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Utilities and bills

In a rented property, tenants will likely be liable to pay all utilities like water, electricity, council tax, gas, broadband, TV licensed and other that may apply. Some tenancies include some utilities as part of the price, but rarely do they cover all utilities tenants use. Make sure to study the tenancy agreement and ask your landlord about utilities and who is responsible for them. Read the guide below to learn more about this topic.

In this article

  • What is meant by “utilities”
  • Who is liable for paying the gas, electricity and other bills
  • Why it is not advisable to leave your tenancy without paying any outstanding bills

Introduction

When you become a tenant in rented accommodation don’t be surprised if you find you have to pay for electricity, gas and a telephone on top of the rent. In case you don’t know, gas, electricity, telephone services, council tax, TV and broadband are referred to as “utilities”. TTV understands that sometimes utility bills are included in the rent, but it is very rare these days. Obviously, if your landlord is going to pay the bills you will probably find the rent will be higher than it might otherwise be.

You should be informed of whether you are going to pay utility bills when you study the terms and conditions of the tenancy agreement, as it should be outlined in that document.
utilities and bills
Switching accounts over to your name

If you are going to be liable for the gas and electricity and other utility bills you may have to notify the utility companies yourself and get the accounts put in your name. You should do this ahead of the day you move in – but get the accounts to start on the day you move in and not before, otherwise you could end up paying for the gas/electricity when you’re not even using it.

The landlord or letting agent should be able to assist you with getting contact numbers for utility services that have been used in the past. Alternatively, you might want to ring around and compare prices as gas and electricity are competitive markets and you may be able to get some good deals by running comparison checks.

Paying the utility bills

When your  tenancy ends make sure you read all the meters on the day you leave the property and notify the utility companies of your new address. If you don’t do this, you won’t get the final bills and may end up accruing debt and this may affect your credit rating. Your landlord or letting agent will not be happy if you leave debt behind and may not feel inclined to give you a good reference in the future.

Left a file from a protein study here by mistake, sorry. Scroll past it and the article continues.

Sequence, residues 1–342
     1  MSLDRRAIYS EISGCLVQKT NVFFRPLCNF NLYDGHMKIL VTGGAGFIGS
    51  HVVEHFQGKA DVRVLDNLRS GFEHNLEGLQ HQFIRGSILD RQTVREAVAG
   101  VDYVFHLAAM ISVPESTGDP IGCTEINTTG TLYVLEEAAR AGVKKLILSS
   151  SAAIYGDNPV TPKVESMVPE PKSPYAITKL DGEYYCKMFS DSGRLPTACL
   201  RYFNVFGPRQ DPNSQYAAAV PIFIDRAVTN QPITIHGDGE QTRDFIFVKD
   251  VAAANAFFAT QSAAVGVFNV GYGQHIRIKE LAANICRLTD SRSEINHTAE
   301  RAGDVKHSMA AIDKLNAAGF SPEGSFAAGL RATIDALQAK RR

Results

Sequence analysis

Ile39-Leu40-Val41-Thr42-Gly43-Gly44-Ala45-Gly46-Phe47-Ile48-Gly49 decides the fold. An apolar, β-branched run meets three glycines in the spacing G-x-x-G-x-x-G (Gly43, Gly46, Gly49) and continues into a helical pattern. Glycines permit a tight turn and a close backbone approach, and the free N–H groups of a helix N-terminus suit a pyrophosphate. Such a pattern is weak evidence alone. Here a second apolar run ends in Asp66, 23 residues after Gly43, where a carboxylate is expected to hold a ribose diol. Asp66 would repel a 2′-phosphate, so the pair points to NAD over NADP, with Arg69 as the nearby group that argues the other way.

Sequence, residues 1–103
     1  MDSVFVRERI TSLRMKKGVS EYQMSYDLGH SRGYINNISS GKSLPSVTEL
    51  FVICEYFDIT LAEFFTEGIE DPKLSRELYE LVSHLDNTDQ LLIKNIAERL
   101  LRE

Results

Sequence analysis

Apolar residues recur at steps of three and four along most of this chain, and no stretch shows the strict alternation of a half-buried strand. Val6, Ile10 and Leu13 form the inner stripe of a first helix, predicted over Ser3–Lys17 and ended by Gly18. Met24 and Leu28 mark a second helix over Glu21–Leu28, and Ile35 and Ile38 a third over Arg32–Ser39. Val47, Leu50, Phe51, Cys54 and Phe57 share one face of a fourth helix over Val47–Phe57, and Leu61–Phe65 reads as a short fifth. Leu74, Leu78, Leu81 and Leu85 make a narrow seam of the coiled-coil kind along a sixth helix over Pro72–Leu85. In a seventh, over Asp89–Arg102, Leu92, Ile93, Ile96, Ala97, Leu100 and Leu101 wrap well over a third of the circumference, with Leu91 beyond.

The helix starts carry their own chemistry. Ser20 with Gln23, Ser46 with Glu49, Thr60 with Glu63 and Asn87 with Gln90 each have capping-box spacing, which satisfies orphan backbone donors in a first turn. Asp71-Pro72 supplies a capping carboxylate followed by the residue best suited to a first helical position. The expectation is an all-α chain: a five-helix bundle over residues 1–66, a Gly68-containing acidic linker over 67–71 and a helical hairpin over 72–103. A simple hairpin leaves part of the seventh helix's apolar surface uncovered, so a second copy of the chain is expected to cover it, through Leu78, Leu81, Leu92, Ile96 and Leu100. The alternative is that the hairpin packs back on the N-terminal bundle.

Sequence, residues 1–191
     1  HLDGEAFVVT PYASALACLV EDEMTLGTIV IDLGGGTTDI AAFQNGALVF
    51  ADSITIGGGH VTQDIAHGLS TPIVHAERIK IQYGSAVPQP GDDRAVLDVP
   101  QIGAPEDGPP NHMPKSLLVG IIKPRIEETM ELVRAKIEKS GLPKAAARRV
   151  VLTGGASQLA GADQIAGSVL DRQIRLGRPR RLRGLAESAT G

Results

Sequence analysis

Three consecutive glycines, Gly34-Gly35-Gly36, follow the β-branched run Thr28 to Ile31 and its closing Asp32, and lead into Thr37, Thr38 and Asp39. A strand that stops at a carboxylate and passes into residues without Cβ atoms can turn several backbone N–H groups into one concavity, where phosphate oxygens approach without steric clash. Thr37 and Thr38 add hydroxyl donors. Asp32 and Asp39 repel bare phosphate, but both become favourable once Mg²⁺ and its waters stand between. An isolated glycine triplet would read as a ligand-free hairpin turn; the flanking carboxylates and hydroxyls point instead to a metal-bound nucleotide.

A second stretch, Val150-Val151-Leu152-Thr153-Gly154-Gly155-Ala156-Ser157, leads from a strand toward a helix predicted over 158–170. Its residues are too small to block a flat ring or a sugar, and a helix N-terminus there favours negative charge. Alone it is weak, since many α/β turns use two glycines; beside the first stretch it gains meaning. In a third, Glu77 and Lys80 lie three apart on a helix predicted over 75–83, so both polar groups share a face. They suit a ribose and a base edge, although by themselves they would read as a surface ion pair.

In summary

  • It is rare for landlords and letting agents to include utility bills in the total monthly rent, but it can happen. If it does, your rent will probably be higher than it might otherwise be
  • As a tenant you may have to arrange changing the utility bills into your name and naturally can shop around for the best deals
  • TTV advises all tenants to make sure they pay any outstanding bills before they leave as it may come back to haunt you and landlords won’t give you a good reference if you want to move into new rented accommodation

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Disclaimer: This article is provided as a guide. Any information should be used for research purposes and not as the base for taking legal action. The Tenants' Voice does not provide legal advice and our content does not constitute a client-solicitor relationship.

We advise all tenants to act respectfully with their landlords and letting agents and seek a peaceful resolution to problems with their rented property. For more information, explore the articles in our Managing your home category.

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If you experience problems with your tenancy deposit, have disrepair in your rented property or suspect that your landlord should have a licence to rent your property but does not have one then you can receive a free consultation by calling our advice service: Call Tenant Assist on 0333 344 3788.

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